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Wednesday, January 7th, 2004

Winners and Losers of 2003 – Who's Hot in 2004?

 

2003 was a watershed year in the search engine industry. Not only was it the year of mergers and acquisitions, it was also the year that the media, business and financial sectors really took notice. It was a very busy year for the SEO sector as well, perhaps marking the maturity of the optimization industry. With so much action and so many changes, one almost required a scorecard to keep up. By the end of 2003 the search world looked remarkably different than it did at the beginning. Some firms were big winners while others were huge losers. Here’s our list to kick off the new year.

WINNERS

#1) Yahoo! Yahoo! was the clear winner of the search engine war last year. Yahoo spent most of the first quarter of 2003 purchasing several of the biggest names in search. The biggest and brightest move made by Yahoo was the acquisition of Overture, shortly after Overture had bought AltaVista and AlltheWeb. Yahoo also bought Inktomi, the largest paid-inclusion database on the web. Yahoo! now controls (if combined) the largest search database, two of the most innovative search tools and the second largest paid-placement and contextual advertising firm. Along with one of the most recognized brand names on the Internet, these new facets of Yahoo!’s business place them in the same position as Google when it comes to presenting search results independent of other search firms. Yahoo! will be dropping listings from LookSmart as of January 15th, and is likely to drop listings from Google shortly thereafter.

#2) Google was the undisputed champion of search engines last year. Driving over 77% of all search traffic in one way or another helped place them there but their real power came from the near cultish popularity of their brand. The name “Google” became firmly synonymous with search in 2003. Google blazed several paths in 2002-2003 from the introduction of Google News in late 2002 to their online catalog search tool, Froogle. In 2003, Google also introduced their strong paid-advertising programs, AdWords and AdSense. These two programs revitalized the search market and are likely Google’s greatest strengths going into their widely expected IPO. Google’s reputation has been building over their five year existence as the “clean” search tool, winning the trust of search engine users around the world. In November, Google took a huge risk in re-tooling their search ranking algorithm. Named the Florida Update, the re-tooling might prove to be Google’s biggest misstep in it’s history but, it might have also been the wisest (despite the thoughtless timing). Since November, the search returns offered by Google have been, for the most part, abysmal. They are getting better though as we have seen a general reduction in SPAM in the listings over the past week and have also seen good sites get rewarded with good listings recently.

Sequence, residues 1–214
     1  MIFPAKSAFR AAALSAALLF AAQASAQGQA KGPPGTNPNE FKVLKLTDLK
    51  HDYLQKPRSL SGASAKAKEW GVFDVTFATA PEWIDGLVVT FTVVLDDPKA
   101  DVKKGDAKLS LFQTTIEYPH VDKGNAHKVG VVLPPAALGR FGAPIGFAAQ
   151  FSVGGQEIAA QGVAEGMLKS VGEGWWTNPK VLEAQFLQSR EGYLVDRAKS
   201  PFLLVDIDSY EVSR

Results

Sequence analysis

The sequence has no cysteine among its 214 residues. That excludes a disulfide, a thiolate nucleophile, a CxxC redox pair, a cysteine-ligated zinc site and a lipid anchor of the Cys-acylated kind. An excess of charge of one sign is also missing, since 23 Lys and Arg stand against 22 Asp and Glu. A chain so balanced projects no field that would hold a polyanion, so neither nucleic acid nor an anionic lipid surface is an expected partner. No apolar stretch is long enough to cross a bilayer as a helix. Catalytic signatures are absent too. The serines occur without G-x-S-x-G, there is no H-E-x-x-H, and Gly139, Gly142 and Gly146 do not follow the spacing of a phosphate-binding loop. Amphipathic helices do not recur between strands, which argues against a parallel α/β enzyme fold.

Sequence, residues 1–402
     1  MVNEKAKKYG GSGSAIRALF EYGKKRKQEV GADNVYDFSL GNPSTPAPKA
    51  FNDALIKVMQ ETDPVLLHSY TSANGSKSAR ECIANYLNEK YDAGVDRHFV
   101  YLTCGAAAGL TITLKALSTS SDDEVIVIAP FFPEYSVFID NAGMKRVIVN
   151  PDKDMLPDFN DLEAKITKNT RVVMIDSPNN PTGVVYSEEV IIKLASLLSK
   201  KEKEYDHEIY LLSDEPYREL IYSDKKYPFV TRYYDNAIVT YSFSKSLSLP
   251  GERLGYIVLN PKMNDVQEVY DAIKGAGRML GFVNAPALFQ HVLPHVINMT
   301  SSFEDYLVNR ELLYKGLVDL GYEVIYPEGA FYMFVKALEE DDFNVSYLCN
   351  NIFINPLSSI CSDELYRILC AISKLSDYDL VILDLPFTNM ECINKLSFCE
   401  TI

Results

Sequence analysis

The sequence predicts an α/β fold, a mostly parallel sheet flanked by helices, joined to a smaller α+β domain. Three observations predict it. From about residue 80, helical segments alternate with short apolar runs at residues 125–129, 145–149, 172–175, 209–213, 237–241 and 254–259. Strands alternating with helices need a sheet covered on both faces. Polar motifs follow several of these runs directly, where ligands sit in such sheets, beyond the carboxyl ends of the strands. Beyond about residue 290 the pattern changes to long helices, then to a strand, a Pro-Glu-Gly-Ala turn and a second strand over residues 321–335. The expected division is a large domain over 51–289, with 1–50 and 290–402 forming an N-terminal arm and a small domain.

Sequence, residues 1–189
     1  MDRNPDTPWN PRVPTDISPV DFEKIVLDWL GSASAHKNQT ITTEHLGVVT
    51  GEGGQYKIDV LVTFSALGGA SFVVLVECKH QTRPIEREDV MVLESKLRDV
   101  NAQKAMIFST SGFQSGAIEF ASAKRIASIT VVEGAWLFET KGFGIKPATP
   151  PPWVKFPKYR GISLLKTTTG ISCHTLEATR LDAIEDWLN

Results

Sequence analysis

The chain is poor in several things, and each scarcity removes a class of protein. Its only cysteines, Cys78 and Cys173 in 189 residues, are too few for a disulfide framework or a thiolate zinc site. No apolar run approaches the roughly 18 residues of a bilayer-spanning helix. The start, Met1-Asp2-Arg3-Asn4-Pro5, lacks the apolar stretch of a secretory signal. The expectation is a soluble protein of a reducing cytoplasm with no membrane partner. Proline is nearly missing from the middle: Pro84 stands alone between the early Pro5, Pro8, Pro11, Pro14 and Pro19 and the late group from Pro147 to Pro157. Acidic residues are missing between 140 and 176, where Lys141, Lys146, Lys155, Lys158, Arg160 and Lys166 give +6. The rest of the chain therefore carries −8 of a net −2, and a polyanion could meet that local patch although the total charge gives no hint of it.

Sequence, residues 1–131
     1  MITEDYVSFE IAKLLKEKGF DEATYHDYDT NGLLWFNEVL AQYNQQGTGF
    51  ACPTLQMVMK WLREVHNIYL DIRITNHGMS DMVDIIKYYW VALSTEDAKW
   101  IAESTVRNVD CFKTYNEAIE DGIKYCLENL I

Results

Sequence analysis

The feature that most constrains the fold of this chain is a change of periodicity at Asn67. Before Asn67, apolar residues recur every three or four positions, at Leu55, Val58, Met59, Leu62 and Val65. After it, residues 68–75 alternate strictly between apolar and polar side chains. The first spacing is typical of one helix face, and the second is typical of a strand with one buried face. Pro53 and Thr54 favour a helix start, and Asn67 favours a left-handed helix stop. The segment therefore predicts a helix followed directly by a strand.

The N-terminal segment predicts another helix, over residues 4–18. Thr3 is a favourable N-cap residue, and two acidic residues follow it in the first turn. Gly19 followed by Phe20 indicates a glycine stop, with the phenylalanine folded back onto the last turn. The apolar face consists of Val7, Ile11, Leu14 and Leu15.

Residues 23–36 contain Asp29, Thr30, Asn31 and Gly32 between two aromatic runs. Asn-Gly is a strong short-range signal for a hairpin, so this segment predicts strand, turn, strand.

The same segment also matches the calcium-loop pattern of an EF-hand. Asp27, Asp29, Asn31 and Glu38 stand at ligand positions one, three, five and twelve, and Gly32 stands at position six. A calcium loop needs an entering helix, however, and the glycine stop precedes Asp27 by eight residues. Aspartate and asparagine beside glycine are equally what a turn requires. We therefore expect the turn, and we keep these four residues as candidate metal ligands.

#3) MSN is ranking number three today mostly due to the hype they managed to build around their new search engine and the release of the new operating system Longhorn. While both are scheduled to make their appearances in 2005, Microsoft managed to make their main competitors jump through hoops

in 2003. The threat of MSN’s new search tool forced Google to make upgrades to its algorithm and Yahoo! to develop its own in house search solutions.

#4) Inktomi is not a search engine but it does have the largest search database in the world. Now owned by Yahoo!, many think Inktomi’s database will be replacing Google as the major distributor of search listings on the Internet. Inktomi currently powers HotBot, MSN, Excite and Overture (for areas without paid listings).

LOSERS

#1) LookSmart is facing deep troubles this year. Dropped by MSN, Sprinks and Yahoo! as the provider of paid-inclusion listings, LookSmart enters 2004 with significantly reduced revenue sources. Their stock price has plummeted and senior management is jumping ship. LookSmart started 2003 behind an eight-ball of their own creating when in late 2002 they changed their pricing structure overnight without warning, angering webmasters and advertisers. They were never able to fully recover this market or the goodwill of the webmaster/SEO community.

#2) Pity the poor souls working at Netscape. Battered by Microsoft, bought by AOL, and almost totally neglected by TimeWarner (AOL’s owners), Netscape continued to roll along through 2003 until the day AOL announced a deal with MSN to provide search results to AOL customers. Netscape seems to have been put out to pasture and lost its R&D arm. Netscape will always find a soft-spot in long-term Internet user’s hearts but it very rarely comes to mind and may not be around this time next year.

#3) AltaVista is the oldest surviving search tool and continues to provide extremely solid, relevant results. Its problem is that it is owned by Yahoo! and does not have the brand-name appeal to keep it going as a business entity. Industry rumour has Yahoo! shutting the doors at AltaVista in the coming months. (Please note, this is just rumour)

Those to Watch in 2004

Google (IPO), Yahoo! (in house search tool), MSN (in house search tool), TEOMA (innovation), Vivisimo (lots of great media coverage towards end of 2003).


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